A consumer group said it wants to see clear industry progress to tackle bank transfer scams, where people are tricked into transferring money directly to a fraudster.
Which? said that, a year after it made a "super complaint" to regulators about the issue, on September 23 2016, it is concerned that people have continued to remain at risk from bank transfer fraud.
It wants to see what is being done to tackle the problem, which can see fraud victims losing "life-changing" sums to scammers.
The Payment Systems Regulator (PSR) is due to give a progress update in November.
Which? raised concerns that, unlike many other payment methods, victims conned into transferring money by bank transfer to a fraudster generally have no legal right to get their money back from their bank.
The consumer group said its research suggests the overall scams figure of losses is likely to be huge - in the first two weeks after launching its online scams reporting tool in November 2016, more than 650 people told Which? about losing a total of more than £5.5 million to bank transfer scams.
Responding to the super complaint in December 2016, the PSR set out an initial action plan.
The regulator said banks should look at what information could be shared to help victims recover their cash. A common approach to best practice standards should also be developed, which both the victim's bank and the bank that receives the money should follow when responding to reports of scams, the PSR said.
But the regulator stopped short of proposing changes to make banks liable for reimbursing victims of such scams.
In an update on Friday, the PSR said: "Since December we've looked at a number of issues in greater detail and have continued to work hard to find a way to reduce scams and the impact they have on victims.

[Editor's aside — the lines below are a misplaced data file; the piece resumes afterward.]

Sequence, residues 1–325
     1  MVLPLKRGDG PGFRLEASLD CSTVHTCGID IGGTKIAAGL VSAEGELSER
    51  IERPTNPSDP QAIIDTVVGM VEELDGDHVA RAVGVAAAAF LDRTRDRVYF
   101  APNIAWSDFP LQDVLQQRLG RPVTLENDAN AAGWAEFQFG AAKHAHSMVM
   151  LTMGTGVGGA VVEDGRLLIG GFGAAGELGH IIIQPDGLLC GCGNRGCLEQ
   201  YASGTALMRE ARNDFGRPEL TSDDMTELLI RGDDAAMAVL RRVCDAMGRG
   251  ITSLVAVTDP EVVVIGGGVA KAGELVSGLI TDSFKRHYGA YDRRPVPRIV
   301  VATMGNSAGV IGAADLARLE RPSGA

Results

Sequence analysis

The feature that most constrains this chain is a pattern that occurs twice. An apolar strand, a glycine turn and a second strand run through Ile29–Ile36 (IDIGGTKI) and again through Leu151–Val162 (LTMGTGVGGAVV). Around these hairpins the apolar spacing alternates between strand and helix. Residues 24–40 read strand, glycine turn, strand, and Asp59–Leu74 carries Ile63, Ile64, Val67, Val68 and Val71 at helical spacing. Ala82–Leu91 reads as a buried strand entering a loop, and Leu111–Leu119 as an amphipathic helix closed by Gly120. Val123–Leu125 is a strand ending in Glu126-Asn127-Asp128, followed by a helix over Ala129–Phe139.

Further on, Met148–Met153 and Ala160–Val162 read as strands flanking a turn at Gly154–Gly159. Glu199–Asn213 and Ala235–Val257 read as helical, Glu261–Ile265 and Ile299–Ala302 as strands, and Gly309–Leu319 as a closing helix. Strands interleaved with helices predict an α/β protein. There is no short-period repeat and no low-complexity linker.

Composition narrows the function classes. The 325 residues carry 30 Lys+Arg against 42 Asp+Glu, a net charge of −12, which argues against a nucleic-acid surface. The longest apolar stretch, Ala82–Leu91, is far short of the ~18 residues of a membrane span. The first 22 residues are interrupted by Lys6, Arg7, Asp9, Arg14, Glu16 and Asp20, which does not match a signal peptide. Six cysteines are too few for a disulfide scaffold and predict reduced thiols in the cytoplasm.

"We have worked closely, and continue to work closely, with the industry, Which?, the FCA (Financial Conduct Authority), and many others.
"This November we will publish a report highlighting progress against the measures we set out, as well as our thoughts on what should happen next."
Which? wants to see clear progress on measures including robust guidelines for financial institutions to support victims of scams and banks showing how they will improve data sharing to improve their response to bank transfer scams.
Gareth Shaw, a money expert at Which?, said: "A year on from our super complaint, consumers have continued to remain at risk from bank transfer fraud with many people losing life-changing sums of money to scammers.
"The regulator must now clearly set out what progress has been made by banks, and what more they must do to ensure consumers who are tricked into making a payment to a fraudster are not left out of pocket.
"Data sharing between banks and best practice standards must be agreed and adopted across the industry to make sure consumers are protected."